FORT MYERS WATERMAN
Roy Massey has mastered the art of riding the wind and waves of Gulf of Mexico. He's ready to share everything he knows.
Roy Massey has mastered kitesurfing, paddleboarding, windsurfing and more. The expert talks about the world of water sports and why Southwest Florida is the best place to do them all.
There are bad addictions, and there are good addictions—and this is definitely a good addiction,” says Roy Massey of the waterman lifestyle, which, for him, means a daily fix of the Gulf of Me xico and its myriad inlets and bays.
The 55-year-old owner and operator of Ace Performer, a water-sports retail shop and instruction hub in Fort Myers, feeds his habit with a mix of kayaking, paddleboarding, windsurfing and kitesurfing, all depending on how the wind is blowing—literally.
“When it’s cold-front season, like yesterday, it gets windy and all my kitesurfing and windsurfing friends show up,” says the tall and lean blond. “The opposite is true with paddleboarders and kayakers. They don’t like the winds. When it’s blowing 15 to 20 mph, they get blown all over the place.”
Either way, Massey joins in. He brings different gear, but the resulting spark of pleasure is the same.
Hearing the excitement in Massey’s voice is an invitation, an easy gateway to joining him in his passions. It’s hard to listen to him without getting curious and perhaps even ready to try a new hobby.
To pick up a kayak or board, there are almost no limitations, even and especially age.
“I have friends who are 80, 84 and older out on the water. The oldest guy I know who windsurfs is 90, and the oldest guy out here who kitesurfs is 75. It’s amazing to see people that age out on the water,” he says.
One of his favorite couples is Maggie and Mike, both in their 80s. Together, they play tennis most mornings and windsurf most afternoons. “That’s crazy! They’re doing it all,” he says.
How they came to like a water sports-addicted lifestyle is how it starts for most folks.
“People come down here and retire. These are some really healthy people. They come into my shop and ask, ‘I can play tennis and golf, so can I windsurf? Can I kitesurf?’”
And the answer is always the same: “If you still have your brains and your body, I can teach you.”
As soon as people express that interest, Massey launches them on the water as fast as he can. That’s why he strategically placed his shop on McGregor Boulevard, close to the Sanibel Causeway.
That patch of San Carlos Bay paradise is one few know as well as Massey, a Fort Myers native.
As a kid, his father would bring him to the causeway to canoe and kayak. Years later, at age 19, Massey started windsurfing and realized how perfect the Sanibel Causeway is for wind sports. “You have to go where the wind blows on shore,” he says of what makes for an ideal windsurfing or kitesurfing spot.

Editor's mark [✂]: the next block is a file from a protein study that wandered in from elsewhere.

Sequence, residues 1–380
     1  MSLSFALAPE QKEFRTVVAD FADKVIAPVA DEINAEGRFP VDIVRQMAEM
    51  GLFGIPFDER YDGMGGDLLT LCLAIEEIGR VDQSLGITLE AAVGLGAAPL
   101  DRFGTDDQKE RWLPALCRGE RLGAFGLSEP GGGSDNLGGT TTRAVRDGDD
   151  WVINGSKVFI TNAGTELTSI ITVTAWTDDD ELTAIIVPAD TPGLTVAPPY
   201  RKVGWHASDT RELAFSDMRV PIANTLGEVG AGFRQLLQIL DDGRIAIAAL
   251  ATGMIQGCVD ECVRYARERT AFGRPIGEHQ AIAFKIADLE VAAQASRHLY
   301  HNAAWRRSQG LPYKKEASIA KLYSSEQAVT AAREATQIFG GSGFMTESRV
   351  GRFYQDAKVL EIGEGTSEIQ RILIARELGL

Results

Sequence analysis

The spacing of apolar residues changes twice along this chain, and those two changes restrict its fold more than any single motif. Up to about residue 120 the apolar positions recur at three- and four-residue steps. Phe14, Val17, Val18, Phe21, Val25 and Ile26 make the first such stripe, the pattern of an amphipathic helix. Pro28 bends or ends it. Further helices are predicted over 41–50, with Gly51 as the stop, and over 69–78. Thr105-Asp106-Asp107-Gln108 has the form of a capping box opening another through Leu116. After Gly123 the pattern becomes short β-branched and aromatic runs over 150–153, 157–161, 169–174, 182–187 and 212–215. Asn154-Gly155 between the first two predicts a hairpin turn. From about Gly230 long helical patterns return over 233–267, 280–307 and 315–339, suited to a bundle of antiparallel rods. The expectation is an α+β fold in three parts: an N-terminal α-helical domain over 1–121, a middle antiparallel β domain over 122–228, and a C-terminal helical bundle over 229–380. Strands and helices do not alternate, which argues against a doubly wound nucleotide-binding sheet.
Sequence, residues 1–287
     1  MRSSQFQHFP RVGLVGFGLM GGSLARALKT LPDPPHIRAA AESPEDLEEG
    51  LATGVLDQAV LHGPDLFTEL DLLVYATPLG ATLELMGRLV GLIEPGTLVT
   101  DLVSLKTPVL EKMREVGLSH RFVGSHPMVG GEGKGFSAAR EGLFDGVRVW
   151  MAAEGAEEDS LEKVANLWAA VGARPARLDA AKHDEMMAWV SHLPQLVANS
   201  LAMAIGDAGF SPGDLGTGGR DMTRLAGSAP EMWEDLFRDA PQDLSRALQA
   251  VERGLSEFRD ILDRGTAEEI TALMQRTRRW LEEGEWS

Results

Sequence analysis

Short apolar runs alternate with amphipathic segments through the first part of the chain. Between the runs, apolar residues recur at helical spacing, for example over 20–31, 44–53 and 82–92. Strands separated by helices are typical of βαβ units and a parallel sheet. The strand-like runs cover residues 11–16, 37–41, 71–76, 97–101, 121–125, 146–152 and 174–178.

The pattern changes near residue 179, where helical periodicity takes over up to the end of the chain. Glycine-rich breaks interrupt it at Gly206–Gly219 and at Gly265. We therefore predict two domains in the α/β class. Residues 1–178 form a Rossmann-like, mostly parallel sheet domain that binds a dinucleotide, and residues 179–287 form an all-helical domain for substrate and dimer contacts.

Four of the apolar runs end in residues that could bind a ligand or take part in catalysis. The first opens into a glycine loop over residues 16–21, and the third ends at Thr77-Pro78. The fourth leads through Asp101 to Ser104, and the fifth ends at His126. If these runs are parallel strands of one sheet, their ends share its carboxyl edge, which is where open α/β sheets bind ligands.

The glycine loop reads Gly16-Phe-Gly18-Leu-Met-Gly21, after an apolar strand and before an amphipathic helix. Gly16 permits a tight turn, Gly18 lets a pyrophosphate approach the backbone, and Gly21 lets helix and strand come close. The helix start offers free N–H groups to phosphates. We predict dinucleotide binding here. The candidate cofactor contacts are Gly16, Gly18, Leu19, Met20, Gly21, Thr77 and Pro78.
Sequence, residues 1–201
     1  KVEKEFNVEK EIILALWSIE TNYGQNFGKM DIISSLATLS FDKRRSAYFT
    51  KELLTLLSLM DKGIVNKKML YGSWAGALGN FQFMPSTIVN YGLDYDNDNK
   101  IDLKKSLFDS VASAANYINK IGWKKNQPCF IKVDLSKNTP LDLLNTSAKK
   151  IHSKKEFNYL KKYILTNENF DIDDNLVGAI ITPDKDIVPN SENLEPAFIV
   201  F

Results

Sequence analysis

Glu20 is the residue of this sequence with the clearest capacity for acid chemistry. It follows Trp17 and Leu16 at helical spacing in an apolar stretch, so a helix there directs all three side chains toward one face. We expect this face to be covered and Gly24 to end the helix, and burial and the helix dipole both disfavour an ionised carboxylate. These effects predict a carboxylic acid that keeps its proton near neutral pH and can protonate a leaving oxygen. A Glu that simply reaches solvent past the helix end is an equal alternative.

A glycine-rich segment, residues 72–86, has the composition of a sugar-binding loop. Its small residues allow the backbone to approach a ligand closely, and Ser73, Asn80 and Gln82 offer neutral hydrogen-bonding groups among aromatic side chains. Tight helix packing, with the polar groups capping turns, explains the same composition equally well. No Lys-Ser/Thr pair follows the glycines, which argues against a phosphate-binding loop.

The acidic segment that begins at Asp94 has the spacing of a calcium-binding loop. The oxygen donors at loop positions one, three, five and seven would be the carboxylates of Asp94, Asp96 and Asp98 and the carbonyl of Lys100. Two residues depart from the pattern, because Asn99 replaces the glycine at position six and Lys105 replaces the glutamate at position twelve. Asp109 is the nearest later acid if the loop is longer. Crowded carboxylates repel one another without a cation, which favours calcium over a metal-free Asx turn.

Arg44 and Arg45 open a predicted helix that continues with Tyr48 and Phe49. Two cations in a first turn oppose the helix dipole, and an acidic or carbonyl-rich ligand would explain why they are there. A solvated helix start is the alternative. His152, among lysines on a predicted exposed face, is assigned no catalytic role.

His longtime customer and colleague Robert Page Henderson also treasures the location. “It’s all about access. No matter which way the wind is blowing, you can find a good launch along the causeway.”
He adds that along the second island of the causeway, “when conditions are just right—it needs to be the last hour before low tide and with an easterly wind—it is just the berries. You can get on the backsides of the waves and ride the wave face without ever having to get back to windward.” In other words, it’s endless cruising.
Of course, Massey ventures beyond the causeway, especially on his days off. His preferred spots are the same ones he steers his clientele to.
“All of the bird refuges, like the J.N. ‘Ding’ Darling Wildlife Refuge, are great because you can’t use a motor.” Which means that nonmotorized boats have a monopoly. “You don’t have to worry about a Jet Ski motoring through and scaring all the birds
and fish away. The fishermen love that.”
Another of Massey’s favorite spots is Bunche Beach Preserve, a five-minute drive south from his shop. Really, anywhere with shallow water, ideally just three or four inches deep, you’re likely to find Massey and his people.
“With places like that, nothing but a paddleboard or a kayak can have access. You’ll find spots like that all over the back bay of Sanibel and Pine Island.”
Another favorite is Turner Beach, just past the bridge connecting Sanibel to Captiva.
If any of these areas seem too great a distance to paddle or sail to, rest easy knowing there is a cheat. Many people take their powerboats as close as they can to a protected area, then they go paddle and explore from there. They may go to fish. Many go simply to witness the dolphins, osprey and sea turtles. Plus, for many paddlers and boarders, being on the water is the best stress therapy there is.